Using Google Analytics for Websi

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 Using Google Analytics for Website Traffic Audits

Google Analytics is a free web analytics package provided by Google. It reports on Page
Impressions and Unique Browsers, and is optimised to plug into Google’s AdWords and
AdSense paid search tools.

Because it is zero-cost (for smaller volumes of traffic - see caveat 3 below), Google Analytics
is used by a large variety of media owners.

                        Fig. 1 Sample Google Analytics Dashboard

Google Analytics is a Javascript page tagging service based on Urchin, an analytics tool that
was acquired by Google. Media owners wishing to run the code must incorporate some HTML
into each page they wish to tag. The code makes a call to Google’s servers, which host the
code. The media owner does not host the code on their own web-servers.

Note that Google Urchin is a separate tool self-hosted by the media owner and is not covered
by this paper; for details on ABCe auditing using Google Urchin please contact your ABC
Account Manager.

The ABCe website audit requires the submission of supporting logfile data. For legal and
privacy reasons, Google have hitherto not released their data for any purpose, and so ABCe
has suggested that media owners “mirror” the logfile data. In other words, the media owner
should configure their Google Analytics tag (or write their own supplementary code) to ensure
that every request sent to Google has a matching request logged by the media owner’s own

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 Using Google Analytics for Website Traffic Audits

                               Fig. 2 Google Analytics Logging

Technical Assistance
The basic Google Analytics code can be found at the URL .

The older version of the code based on “ga.js” can be found at .

We suggest you check Google’s own support pages for the latest updates.

Guidance on how to set up the mirroring approach appropriately to the version of the Google
Analytics code used on the media owner’s site is available from (see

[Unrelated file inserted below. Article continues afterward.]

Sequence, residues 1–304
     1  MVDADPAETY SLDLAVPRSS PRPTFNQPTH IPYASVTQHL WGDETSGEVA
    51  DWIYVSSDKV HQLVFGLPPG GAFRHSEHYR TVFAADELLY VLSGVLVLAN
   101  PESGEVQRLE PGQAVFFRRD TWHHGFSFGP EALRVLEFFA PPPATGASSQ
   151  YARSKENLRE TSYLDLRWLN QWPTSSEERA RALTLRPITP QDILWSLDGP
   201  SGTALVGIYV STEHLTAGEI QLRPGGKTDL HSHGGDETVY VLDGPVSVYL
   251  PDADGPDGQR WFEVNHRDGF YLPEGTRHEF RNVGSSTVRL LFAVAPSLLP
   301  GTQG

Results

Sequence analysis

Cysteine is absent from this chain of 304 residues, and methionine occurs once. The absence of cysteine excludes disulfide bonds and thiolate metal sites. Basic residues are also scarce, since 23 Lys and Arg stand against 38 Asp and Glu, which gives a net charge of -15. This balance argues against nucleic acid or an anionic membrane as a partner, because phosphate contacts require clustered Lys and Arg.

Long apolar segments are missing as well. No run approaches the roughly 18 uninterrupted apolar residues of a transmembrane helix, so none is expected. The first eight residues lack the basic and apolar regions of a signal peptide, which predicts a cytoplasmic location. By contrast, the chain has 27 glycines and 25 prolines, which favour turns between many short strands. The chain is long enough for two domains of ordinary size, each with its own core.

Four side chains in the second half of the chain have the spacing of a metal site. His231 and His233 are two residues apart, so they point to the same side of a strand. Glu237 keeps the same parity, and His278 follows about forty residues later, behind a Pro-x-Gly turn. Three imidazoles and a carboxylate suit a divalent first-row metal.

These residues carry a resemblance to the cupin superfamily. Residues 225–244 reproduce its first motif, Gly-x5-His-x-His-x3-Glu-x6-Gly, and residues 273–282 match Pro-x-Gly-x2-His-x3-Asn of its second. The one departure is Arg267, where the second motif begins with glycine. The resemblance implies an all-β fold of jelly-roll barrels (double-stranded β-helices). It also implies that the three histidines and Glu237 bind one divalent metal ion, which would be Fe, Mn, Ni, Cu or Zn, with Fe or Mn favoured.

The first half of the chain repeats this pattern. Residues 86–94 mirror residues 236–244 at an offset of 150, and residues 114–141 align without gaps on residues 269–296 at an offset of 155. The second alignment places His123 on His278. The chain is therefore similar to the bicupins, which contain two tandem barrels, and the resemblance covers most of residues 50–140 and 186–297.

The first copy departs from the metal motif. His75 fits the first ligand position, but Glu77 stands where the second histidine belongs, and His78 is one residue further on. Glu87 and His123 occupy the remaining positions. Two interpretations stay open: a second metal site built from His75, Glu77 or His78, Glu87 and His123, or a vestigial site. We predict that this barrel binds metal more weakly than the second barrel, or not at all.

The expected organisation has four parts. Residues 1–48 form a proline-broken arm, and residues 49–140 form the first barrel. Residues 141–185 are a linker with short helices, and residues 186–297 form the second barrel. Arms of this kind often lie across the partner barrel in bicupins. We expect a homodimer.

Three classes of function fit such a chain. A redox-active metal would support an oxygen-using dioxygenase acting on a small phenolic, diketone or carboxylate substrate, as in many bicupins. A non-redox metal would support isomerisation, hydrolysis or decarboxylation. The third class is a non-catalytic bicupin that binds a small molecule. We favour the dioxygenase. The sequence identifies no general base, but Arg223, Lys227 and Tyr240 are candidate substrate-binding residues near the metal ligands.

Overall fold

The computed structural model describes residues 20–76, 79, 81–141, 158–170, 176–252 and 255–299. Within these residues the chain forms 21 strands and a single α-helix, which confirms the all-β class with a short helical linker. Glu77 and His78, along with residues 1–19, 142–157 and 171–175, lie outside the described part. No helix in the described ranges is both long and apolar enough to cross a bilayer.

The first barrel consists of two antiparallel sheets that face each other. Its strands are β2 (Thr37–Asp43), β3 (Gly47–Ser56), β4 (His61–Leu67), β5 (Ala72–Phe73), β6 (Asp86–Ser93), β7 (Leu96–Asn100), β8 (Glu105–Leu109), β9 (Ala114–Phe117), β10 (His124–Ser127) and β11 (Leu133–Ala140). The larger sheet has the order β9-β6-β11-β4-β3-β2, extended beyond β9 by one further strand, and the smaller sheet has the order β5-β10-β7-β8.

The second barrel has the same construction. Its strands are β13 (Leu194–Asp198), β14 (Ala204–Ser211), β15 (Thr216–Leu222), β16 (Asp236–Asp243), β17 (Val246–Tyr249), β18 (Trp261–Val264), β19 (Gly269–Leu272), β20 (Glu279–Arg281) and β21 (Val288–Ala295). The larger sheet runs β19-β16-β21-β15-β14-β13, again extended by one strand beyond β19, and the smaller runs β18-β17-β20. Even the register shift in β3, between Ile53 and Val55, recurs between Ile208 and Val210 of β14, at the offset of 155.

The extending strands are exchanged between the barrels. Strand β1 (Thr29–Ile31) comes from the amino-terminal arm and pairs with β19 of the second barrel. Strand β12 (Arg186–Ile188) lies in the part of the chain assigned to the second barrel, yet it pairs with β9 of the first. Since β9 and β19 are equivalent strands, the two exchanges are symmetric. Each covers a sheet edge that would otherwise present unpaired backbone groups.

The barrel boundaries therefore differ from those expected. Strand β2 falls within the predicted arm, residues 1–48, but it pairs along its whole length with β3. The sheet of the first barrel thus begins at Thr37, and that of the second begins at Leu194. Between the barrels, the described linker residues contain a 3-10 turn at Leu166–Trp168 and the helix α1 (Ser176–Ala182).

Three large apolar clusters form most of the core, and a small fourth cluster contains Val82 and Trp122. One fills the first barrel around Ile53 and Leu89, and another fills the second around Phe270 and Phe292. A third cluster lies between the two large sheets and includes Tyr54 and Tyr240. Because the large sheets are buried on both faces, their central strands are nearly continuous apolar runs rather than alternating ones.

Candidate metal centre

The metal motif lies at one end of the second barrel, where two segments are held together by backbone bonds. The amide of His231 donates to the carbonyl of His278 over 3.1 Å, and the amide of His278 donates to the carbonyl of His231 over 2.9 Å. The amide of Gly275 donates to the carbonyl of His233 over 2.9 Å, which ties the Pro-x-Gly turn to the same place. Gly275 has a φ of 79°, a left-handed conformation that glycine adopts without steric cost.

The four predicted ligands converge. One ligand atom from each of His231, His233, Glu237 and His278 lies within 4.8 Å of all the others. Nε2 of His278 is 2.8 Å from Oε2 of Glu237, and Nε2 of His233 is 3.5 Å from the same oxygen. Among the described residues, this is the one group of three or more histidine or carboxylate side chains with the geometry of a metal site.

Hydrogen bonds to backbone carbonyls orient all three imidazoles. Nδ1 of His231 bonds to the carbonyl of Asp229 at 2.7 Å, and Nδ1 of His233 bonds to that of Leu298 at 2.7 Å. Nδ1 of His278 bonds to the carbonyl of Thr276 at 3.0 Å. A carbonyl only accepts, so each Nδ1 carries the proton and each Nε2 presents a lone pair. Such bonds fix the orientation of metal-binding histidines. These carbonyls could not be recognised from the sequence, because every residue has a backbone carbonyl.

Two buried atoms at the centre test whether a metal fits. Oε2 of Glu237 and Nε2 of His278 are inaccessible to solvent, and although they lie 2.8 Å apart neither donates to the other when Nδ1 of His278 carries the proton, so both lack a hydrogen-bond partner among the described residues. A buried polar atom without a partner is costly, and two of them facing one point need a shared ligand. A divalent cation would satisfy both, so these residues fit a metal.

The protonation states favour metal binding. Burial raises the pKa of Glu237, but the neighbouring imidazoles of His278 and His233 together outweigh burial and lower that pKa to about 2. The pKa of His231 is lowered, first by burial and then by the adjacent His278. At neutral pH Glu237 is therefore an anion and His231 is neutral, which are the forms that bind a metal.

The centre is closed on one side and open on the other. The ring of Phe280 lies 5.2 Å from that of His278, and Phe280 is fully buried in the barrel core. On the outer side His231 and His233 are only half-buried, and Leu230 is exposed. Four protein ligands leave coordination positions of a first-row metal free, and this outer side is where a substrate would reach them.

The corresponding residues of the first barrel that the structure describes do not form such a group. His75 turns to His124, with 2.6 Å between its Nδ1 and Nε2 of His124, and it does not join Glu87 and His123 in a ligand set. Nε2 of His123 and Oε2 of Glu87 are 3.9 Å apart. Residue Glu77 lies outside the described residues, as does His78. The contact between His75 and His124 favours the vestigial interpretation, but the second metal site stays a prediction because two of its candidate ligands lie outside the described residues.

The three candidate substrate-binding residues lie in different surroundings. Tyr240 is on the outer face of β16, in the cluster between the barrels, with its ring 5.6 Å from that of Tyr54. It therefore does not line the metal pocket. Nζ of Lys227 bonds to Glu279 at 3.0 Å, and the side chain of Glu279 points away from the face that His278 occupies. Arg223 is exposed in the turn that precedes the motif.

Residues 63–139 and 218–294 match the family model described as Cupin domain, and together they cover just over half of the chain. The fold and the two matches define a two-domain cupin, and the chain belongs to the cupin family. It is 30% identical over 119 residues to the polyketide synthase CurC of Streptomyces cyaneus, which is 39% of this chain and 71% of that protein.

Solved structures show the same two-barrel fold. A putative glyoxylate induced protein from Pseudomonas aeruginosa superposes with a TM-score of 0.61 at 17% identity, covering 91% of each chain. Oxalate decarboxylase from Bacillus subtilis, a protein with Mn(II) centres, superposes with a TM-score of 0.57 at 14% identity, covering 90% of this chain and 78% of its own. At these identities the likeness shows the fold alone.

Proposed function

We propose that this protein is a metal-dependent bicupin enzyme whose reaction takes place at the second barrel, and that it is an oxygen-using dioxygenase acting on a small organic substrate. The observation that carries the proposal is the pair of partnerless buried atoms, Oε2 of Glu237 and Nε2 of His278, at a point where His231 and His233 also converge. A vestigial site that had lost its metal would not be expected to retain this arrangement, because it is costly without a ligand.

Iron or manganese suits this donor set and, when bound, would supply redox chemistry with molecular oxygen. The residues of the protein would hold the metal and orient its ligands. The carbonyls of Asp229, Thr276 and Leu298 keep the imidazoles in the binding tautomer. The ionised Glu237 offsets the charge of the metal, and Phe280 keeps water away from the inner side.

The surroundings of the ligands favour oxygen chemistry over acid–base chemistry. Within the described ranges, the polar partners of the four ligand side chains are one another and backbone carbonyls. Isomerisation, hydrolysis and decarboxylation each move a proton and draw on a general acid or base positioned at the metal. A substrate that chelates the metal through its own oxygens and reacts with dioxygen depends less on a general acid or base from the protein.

the section on “Using a Local Server”).

The mirroring approach will direct requests for __utm.gif to a different set of server logs, which
should be accessible to the media owner. The media owner can then filter the logs to show
only the __utm.gif calls and submit this data to ABCe in support of the Page Impression and
Unique Browser claims reported by Google Analytics.

Media owners who are expecting a high level of traffic should consider directing all __utm.gif
requests to a dedicated server handling only these requests (for example, This may require additional technical configuration such as using a
load-balancer to route all __utm.gif requests to such a server. The benefit of this is that the
media owner is able to collect the log files from this server (or group of servers) easily, and
hence to supply ABCe with a copy of the data on which the Google Analytics reporting is
based for auditing purposes (see Caveat 4 below).

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ABCe recommends that media owners who have issues configuring Google, and who require
a full expert opinion, follow Google’s advice and request the services of a Google Analytics
Consultant, usually a third party consultancy accredited by Google, via the following URL: .

    1. ABCe cannot provide consultancy services beyond suggesting the above approach.
       Furthermore, the cookie identifier used by Google Analytics (“utma”) for the counting
       of Unique Browsers contains the domain information. Therefore, any network
       comprising more than one top-level domain will not be counted in compliance with the
       industry-agreed standard, since this requires all cookies to be persistent across all
       certified domains. Google Analytics can be configured to count across a “tree” of